Whenever I get the privilege to see a new puppy or kitten, there's a small part of me that thinks, "wouldn't it be great to have a puppy or kitten?". Then I think about all the hard work, cleaning and training and the desire passes. At some point, I'm sure we will add another four-legged member to our family, but not any time soon. The ones we have right now take up enough work.
When I first brought my cat Duchess home to meet with my family dog Hayley, it was love at first sight. That was one of the reasons I was actually able to keep her in my family's house despite them originally not being cat lovers.
A couple years later, when I was ready to get a dog. I carefully tried to prepare my cat. I placed a feline pheromone called Feliway diffuser (kind of like a plug in diffuser). I was initially skeptical and thought maybe it was just expensive water, but as soon as I plugged it in Duchess started rubbing up on it and purring. She could obviously smell something I couldn't. The 30 pound rottie/shepherd/lab (we don't know for sure, but that's my best bet) puppy was still a little much for her. Let's just say he's always kind of been like a bull in a china shop. I think that he's the biggest reason my son has really good balancing skills. When you've grown up with a 60 pound dog who's tail is a force of nature, you learn how to keep your balance.
I always provided a safe area for Duchess to escape to (my bedroom) and when I wasn't around to supervise, I kept Dewey (the dog) in the kennel. I did this for awhile, and tried to prohibit the dog from chasing the cat. Until, one night I noticed the cat sticking her paw and probing the dog with it, taunting him. From then on, whenever Dewey chased her, I knew it was probably because she deserved it. She still rules the roost and kicks the 60 pound dog off of his spatial bed so she can have it to herself. Every 6 months or so Dewey and Duchess' relationship became stronger. So strong, at this point, I'm worried what will happen if we lose Dewey first, because Duchess can't tolerate being separated from him.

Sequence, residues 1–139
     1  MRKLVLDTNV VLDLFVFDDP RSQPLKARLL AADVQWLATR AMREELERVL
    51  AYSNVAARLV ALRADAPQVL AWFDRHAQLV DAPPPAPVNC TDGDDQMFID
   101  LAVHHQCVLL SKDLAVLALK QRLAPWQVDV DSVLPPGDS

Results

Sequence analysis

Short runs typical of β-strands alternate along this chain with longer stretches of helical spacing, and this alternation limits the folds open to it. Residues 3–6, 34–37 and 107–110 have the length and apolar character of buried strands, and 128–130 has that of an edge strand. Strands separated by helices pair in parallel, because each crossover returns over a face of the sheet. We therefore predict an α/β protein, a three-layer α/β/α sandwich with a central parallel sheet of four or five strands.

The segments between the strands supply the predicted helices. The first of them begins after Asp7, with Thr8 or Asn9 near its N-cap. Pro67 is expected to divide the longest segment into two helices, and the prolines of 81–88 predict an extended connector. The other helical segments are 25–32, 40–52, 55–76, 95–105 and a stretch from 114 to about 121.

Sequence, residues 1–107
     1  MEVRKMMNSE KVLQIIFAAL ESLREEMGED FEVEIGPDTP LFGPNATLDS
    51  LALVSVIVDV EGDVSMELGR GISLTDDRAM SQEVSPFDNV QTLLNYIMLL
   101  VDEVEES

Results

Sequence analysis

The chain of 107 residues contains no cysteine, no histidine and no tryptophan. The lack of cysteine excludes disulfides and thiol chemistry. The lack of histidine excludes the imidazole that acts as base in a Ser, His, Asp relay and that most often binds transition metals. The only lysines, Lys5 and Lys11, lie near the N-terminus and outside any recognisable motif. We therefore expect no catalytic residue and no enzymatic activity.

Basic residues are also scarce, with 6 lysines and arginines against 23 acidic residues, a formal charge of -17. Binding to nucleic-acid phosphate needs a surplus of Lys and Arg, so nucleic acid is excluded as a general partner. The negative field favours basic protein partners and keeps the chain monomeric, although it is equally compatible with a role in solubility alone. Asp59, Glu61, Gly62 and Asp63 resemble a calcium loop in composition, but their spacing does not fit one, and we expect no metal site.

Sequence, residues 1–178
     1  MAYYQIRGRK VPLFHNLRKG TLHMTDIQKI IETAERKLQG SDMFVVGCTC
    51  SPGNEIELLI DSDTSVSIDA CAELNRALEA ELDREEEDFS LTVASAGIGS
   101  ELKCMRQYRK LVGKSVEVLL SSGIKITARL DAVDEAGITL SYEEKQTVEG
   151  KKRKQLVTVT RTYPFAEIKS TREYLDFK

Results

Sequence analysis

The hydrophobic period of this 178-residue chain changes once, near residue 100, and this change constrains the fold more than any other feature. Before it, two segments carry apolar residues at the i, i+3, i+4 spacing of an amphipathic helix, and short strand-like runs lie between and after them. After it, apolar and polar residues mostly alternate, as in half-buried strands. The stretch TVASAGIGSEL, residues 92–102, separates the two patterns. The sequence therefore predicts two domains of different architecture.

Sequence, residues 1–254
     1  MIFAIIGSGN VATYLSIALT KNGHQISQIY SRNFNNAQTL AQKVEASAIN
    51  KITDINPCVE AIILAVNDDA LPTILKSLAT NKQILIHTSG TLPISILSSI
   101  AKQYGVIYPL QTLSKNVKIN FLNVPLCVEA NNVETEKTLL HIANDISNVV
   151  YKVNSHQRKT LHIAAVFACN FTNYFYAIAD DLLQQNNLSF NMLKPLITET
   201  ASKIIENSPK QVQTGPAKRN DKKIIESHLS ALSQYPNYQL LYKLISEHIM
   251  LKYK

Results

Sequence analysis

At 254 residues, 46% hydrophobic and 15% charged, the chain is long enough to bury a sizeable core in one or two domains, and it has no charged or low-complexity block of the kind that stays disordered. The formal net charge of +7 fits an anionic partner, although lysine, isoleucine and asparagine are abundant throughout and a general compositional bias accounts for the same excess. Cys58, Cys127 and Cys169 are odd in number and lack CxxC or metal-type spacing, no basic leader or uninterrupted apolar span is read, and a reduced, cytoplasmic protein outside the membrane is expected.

Originally, my husband wasn't a huge cat fan, but I really recommend others do what we did when introducing cats to significant others. My husband moved into our house and I didn't join until a couple months later, once we were married. About a month or two before we got married, I moved my cat in with my soon to be husband. I was hoping this would help with the transition and also minimize her anxiety of having her whole apartment packed up in boxes and worry about that as she is a very sensitive, anxious cat. It ended up working out well, because my cat bonded with my husband. He was the first face she saw and the last face she saw every morning and he fed her, gave her treats and let her sit on his warm lap when he read the paper. They bonded. Almost to the point where I'm jealous. If I had moved in at the same time as my cat, I suspect she wouldn't have bonded, or not nearly as well, because she would have had her favorite human and in a feline world, they like to have "preferred associates" and don't need to be social butterflies.
Whether you are adding a dog, cat or kid to your family, the website below has great information about making the transition as smooth as possible.
As discussed in a previous post http://allcreaturesgreatandcrazy.blogspot.com/2015/05/sibling-conflict.html
always be alert of everyone's safety and signs of stress while bringing your family together. I still tell my clients and abide by it myself, no matter how wonderful your pet is, don't leave your pet and child alone in the same room. Too many things can happen. Once your child is of the age where he/she is responsible and can defend (or run away) you may be able to consider this, I wouldn't consider leaving my son alone with my pets under 7 years of age though.